5. The elastic collar defined in and according to claim 1, and wherein said neck is bendably resilient and its peripheral surface is corrugated in a manner to provide encircling ring-like ribs whereby to facilitate telescopic connection with a ferrule on a free connectible end of said suction hose.
6. The elastic collar defined in and according to claim 1, and wherein said one rearward closed end is formed with an elongated flat-faced flexible hose-end connecting flap which when in use is capable of abutting a prescribed side surface of said other rearward end adjacent said neck in a manner to be temporarily and adjustably held in place.
7. The elastic collar defined in and according to claim 1, and wherein said one rearward closed end is formed with a flat-faced hose end connecting flap, and a readily attachable and detachable clasp having a straight leg which is adapted to contact a given inward face of said flap, and a resilient clip which has a flared free end and which is thus adapted to conformingly snap over a selected portion of said upper longitudinal edge portion.
8. For use in a barbershop, a collecting and disposal device for hair clippings comprising: an elastic collar which is adapted to snugly but yieldingly surround the neck for a customer whose hair is being cut by the barber, said collar being of one piece construction and having an upper longitudinal edge portion which is fashioned into an enlarged hollow substantially cylindrical bead, the hollow portion of said bead providing a loose hair receiving and conveying duct, the exterior peripheral surface of said bead being convexly rounded and the inward convex surface having a row of aligned longitudinally spaced hair inlet slots which are normally spaced from and are free of blocking contact with the wearers neck and are in communication with said duct, said collar having a lower longitudinal edge portion embodying a downwardly opening elongated channel for reception and retention of the usual hem provided at the upper end of a conventional-type apron, said collar also havinga web-like body portion commensurate in length with and bendably uniting said lower edge portion with said bead, 'said bead and duct being closed at one end and provided with a flat-faced tongue which constitutes a collar end connecting flap, and said collar being open at its other end and being provided with a projecting neck which is adapted to be communicatively but releasably connected with a suction hose by way of which the entrapped hair is conveyed to a suitable place of deposit.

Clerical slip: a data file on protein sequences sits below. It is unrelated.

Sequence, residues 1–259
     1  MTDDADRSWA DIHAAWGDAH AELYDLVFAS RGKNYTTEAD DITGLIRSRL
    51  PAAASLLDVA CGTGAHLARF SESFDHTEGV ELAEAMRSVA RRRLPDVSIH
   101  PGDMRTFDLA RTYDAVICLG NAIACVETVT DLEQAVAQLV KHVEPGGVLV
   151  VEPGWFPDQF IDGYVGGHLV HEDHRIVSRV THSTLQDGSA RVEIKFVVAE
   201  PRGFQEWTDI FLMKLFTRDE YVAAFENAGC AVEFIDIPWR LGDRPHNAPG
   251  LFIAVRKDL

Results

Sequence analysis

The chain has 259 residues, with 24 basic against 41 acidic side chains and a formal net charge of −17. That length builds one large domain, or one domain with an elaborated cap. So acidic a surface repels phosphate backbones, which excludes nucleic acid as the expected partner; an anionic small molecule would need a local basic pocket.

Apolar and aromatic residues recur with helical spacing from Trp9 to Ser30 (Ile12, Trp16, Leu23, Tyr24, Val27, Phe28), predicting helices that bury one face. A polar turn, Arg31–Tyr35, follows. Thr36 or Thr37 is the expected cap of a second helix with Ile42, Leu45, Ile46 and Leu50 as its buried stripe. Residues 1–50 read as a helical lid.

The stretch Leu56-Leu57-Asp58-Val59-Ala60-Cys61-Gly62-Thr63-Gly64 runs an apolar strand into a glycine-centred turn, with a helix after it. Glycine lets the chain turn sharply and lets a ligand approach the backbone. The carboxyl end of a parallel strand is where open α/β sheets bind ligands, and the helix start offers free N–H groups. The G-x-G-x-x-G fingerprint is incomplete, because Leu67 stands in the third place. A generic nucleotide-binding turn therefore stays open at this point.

9. The elastic collar defined in and according to claim 8, and wherein said neck is bendably resilient and its peripheral surface is corrugated in a manner to provide encircling ring-like ribs whereby to facilitate telescopic connection with a ferrule on a free connectible end of said suction hose.
10. The elastic collar defined in and according to claim 9, and, in combination, a readily attachable and detachable collar end connecting clasp, said clasp having a firm straight leg which is adapted to assume a given retaining position against a coacting inward face of said flap, and a complemental resilient leg which is bent upon itself and has a flared free end which is adapted to conformingly snap over a selected end portion of the collar at the inward junctional end of said neck.
* IF F l
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|US1261575 *||Aug 10, 1917||Apr 2, 1918||Donald Mcleod||Barber's apron.|
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|Citing Patent||Filing date||Publication date||Applicant||Title|
|US5950236 *||Apr 22, 1996||Sep 14, 1999||Vladimir Andrew||Method of collecting hair clippings during a haircut and a device therefor|
|US6248099||May 14, 1998||Jun 19, 2001||Medcare Medical Group, Inc.||Disposable tracheostomy inner cannula connector|
|US7076807 *||Oct 29, 2003||Jul 18, 2006||Baby Bjorn Ab||Child's bib that includes a bead string fastener|
|US20060000002 *||Oct 29, 2003||Jan 5, 2006||Hakan Bergkvist||Child's bib that includes a bead string fastener|
|US20120151657 *||Jun 21, 2012||The Boppy Company, Llc||Nursing Cover-up|
|WO1996033637A1 *||Apr 22, 1996||Oct 31, 1996||Andrew Vladimir||Method of collecting hair clippings during a haircut and a device therefor|
|U.S. Classification||132/212, 2/50|
|International Classification||A45D44/16, A45D44/00, A45D44/08|
|Cooperative Classification||A45D44/16, A45D44/08|
|European Classification||A45D44/08, A45D44/16|